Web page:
UK Supreme Court Clarifies Recoverability of Economic Loss From Contractual Liabilities in Negligence Cases

Citation: [2024] UKSC 6
Judgment on


In the case of Armstead v Royal & Sun Alliance Insurance Company Ltd [2024] UKSC 6, the Supreme Court of the United Kingdom examined several fundamental principles of negligence law, and more specifically, the recoverability of economic losses resulting from physical damage to property. This case provided an opportunity for the court to clarify when consequential losses arising from a pre-existing contractual liability are recoverable in the tort of negligence. It also addressed the burdens of proof concerning the issues of remoteness of damages.

Key Facts

The appellant, Lorna Armstead, hired a vehicle from Helphire Ltd on credit hire terms after being involved in a traffic collision. Subsequently, a second collision occurred, for which she was not at fault, resulting in damage to the hired vehicle. Helphire invoked clause 16 of their agreement, which required Armstead to pay a daily rental rate for the period when the vehicle was unavailable for hire due to damages. The sum claimed under this clause amounted to £1,560 based on a credit hire rate rather than a basic hire rate.

Duty of Care and Property Damage

Key legal principles reaffirmed in this case include:

  1. A person owes a duty of care to not cause physical damage to another’s property and is liable for the diminution in value and consequential financial loss due to damage (SCM (United Kingdom) Ltd v WJ Whittall & Son Ltd; Spartan Steel & Alloys Ltd v Martin & Co (Contractors) Ltd).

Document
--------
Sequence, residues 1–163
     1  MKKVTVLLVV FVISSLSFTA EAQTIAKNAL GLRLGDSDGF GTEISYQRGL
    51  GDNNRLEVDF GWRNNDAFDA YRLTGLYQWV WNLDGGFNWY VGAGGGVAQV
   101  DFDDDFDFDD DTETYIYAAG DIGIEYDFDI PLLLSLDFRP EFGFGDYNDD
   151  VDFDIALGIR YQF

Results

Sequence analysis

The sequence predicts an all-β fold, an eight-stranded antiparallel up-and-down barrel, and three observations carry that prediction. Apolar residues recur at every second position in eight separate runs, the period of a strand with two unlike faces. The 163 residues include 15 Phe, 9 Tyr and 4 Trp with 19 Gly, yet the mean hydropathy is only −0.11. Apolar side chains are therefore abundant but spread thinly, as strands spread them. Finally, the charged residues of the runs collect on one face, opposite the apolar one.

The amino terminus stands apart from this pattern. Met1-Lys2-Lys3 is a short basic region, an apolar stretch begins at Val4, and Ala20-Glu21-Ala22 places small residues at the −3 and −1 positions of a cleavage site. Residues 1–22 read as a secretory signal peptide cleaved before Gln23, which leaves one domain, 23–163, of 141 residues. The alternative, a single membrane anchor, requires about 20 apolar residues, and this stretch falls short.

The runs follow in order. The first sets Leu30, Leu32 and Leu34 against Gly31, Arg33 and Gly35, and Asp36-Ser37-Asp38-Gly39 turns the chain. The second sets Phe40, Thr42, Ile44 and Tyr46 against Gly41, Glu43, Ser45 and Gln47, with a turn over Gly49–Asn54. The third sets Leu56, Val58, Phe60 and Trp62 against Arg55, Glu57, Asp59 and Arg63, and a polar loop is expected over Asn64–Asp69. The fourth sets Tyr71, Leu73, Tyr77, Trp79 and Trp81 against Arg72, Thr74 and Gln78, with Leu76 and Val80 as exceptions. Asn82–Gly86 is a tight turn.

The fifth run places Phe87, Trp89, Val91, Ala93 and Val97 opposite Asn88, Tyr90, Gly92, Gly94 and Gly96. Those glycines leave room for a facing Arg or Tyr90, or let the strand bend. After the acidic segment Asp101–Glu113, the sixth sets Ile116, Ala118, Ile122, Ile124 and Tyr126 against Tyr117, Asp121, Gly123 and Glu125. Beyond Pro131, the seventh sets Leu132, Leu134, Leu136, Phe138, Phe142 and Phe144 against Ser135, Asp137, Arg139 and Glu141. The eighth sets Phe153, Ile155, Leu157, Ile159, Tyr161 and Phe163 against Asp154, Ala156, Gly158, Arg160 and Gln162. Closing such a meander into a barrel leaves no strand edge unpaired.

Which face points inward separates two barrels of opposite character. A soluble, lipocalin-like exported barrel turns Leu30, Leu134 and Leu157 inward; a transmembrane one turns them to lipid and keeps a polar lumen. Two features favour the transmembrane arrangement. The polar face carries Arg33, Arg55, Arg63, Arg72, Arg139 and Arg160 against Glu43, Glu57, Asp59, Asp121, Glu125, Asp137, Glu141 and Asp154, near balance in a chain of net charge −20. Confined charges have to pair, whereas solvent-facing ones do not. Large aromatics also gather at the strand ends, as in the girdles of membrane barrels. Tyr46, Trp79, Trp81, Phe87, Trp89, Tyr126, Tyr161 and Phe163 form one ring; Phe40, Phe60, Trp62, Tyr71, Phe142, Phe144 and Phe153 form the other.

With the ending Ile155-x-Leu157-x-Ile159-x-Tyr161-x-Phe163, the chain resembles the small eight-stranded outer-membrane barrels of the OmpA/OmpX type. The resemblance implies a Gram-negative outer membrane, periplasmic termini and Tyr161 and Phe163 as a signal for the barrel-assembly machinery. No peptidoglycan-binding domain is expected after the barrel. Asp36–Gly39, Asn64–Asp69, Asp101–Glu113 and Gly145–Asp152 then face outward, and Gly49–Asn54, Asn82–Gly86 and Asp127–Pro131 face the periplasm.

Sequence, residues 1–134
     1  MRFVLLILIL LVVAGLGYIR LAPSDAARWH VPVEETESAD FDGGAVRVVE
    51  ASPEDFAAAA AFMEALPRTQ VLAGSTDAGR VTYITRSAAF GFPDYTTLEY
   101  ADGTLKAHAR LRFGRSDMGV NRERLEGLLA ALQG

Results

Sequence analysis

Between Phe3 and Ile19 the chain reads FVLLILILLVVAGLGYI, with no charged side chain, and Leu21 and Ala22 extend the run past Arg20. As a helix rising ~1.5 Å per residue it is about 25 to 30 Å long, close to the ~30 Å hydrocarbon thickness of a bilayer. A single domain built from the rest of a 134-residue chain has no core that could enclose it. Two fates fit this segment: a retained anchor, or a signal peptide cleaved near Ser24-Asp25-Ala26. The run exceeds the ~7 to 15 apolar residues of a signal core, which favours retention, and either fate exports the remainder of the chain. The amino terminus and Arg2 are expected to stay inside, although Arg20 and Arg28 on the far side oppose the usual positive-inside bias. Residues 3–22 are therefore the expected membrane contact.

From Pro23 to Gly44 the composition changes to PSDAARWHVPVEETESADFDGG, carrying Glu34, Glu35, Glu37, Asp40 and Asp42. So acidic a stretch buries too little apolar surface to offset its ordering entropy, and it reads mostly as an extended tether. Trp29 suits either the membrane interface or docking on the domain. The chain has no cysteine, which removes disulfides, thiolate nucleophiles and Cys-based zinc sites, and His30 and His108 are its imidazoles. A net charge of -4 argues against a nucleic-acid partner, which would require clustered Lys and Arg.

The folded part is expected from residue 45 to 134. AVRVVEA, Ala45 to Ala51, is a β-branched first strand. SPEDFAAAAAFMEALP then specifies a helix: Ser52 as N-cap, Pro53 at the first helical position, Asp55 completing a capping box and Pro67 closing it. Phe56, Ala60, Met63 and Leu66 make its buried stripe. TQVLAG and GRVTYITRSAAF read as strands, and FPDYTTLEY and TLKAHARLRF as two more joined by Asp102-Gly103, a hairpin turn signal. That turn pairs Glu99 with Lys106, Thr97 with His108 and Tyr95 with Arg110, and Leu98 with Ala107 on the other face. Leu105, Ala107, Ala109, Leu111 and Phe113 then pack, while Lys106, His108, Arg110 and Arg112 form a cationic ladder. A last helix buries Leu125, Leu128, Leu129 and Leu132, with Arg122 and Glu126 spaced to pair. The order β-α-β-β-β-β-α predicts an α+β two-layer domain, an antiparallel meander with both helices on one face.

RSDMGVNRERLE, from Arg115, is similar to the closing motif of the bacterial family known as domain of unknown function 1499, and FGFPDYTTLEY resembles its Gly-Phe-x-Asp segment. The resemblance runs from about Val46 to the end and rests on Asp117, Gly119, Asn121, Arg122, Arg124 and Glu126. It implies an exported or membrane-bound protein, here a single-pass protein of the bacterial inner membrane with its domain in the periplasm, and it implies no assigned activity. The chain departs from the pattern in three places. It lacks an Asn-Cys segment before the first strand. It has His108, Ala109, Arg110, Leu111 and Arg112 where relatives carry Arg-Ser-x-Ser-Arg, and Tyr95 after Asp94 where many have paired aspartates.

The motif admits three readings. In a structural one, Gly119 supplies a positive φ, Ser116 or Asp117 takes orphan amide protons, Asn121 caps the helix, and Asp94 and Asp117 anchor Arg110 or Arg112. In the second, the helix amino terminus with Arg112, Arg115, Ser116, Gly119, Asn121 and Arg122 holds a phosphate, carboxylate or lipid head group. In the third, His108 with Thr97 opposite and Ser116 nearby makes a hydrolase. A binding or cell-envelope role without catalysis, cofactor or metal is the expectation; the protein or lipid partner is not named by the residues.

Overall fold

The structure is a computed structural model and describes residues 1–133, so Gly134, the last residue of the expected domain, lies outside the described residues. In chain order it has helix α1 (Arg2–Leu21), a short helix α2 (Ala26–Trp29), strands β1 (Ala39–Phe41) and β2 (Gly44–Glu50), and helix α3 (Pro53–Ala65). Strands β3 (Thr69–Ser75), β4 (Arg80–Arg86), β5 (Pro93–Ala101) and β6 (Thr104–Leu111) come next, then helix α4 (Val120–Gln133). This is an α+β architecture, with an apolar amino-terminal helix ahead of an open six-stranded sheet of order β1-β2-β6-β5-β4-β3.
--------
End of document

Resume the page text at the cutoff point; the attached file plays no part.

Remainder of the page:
2. Pure economic loss that does not result from personal injury or damage to claimant’s property is generally not recoverable.
  3. A possessor or bailee of the property has sufficient title to sue for damages caused by a third party’s negligence (The Winkfield).

Remoteness of Damages

The recoverability of damages is limited by general principles such as foreseeability and remoteness. In the context of negligence, the test for remoteness is whether the loss is of a type reasonably foreseeable at the time of the breach of duty (Overseas Tankship (UK) Ltd v Morts Dock & Engineering Co, The Wagon Mound).

Contractual Liability as Recoverable Loss

The court expanded upon the principle that a pre-existing contractual liability may give rise to recoverable loss if it is consequential on physical damage to property. It referred to two cases – Ehmler v Hall and Network Rail Infrastructure Ltd v Conarken Group Ltd – as authority for the proposition that contractual liabilities can constitute recoverable loss, provided they represent a reasonable pre-estimate of the likely amount of loss resulting from the damage.

Burden of Proof

The Supreme Court elucidated on the burden of proof relating to remoteness in negligence claims. It ascertained that once the claimant proves the commission of a tort causing loss, the burden shifts to the defendant to demonstrate that the loss is too remote to be recoverable, a principle analogous to mitigation of loss, contributory negligence, and legal causation.


The Supreme Court allowed the appeal, ultimately determining that the lower courts erred in their rejection of the claim. Critically, RSA did not provide any evidence to suggest that clause 16 did not represent a reasonable estimate of Helphire’s likely loss of hiring-out revenue, despite having the burden of proof. The court asserted that recoverable loss in tort for negligence may include a liability arising from a contractual obligation, such as the clause 16 sum, provided that it is reasonably foreseeable and not too remote.


Armstead v Royal & Sun Alliance Insurance Company Ltd [2024] UKSC 6 clarified the circumstances under which economic losses tied to contractual liabilities are recoverable in tort. The judgment underscores the importance of the proper application of well-established legal principles to disputes concerning recoverable losses and the significance of the burden of proof in determining questions of remoteness. Through its detailed analysis, the Supreme Court has provided an important precedent on how contractual liabilities are treated in negligence claims and the parameters for determining the recoverability of such losses.

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